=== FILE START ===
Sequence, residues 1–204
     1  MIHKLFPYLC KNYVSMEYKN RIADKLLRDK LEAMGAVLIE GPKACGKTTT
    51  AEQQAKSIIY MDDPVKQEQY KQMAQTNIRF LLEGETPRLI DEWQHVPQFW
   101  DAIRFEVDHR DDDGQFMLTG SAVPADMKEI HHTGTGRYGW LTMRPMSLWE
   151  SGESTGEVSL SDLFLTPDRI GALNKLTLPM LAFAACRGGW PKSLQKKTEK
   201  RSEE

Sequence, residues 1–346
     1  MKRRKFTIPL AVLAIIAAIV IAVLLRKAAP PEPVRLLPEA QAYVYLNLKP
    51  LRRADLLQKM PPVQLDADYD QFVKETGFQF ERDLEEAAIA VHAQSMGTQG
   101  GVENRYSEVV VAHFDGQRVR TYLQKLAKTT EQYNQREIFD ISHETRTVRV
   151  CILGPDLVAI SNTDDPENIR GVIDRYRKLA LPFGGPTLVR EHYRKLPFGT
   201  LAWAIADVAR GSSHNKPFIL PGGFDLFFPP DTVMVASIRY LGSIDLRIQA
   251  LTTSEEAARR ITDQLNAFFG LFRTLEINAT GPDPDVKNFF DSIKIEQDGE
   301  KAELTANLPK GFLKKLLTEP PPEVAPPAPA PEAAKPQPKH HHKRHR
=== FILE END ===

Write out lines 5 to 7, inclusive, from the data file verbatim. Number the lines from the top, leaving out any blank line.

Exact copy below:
   151  SGESTGEVSL SDLFLTPDRI GALNKLTLPM LAFAACRGGW PKSLQKKTEK
   201  RSEE

Sequence, residues 1–346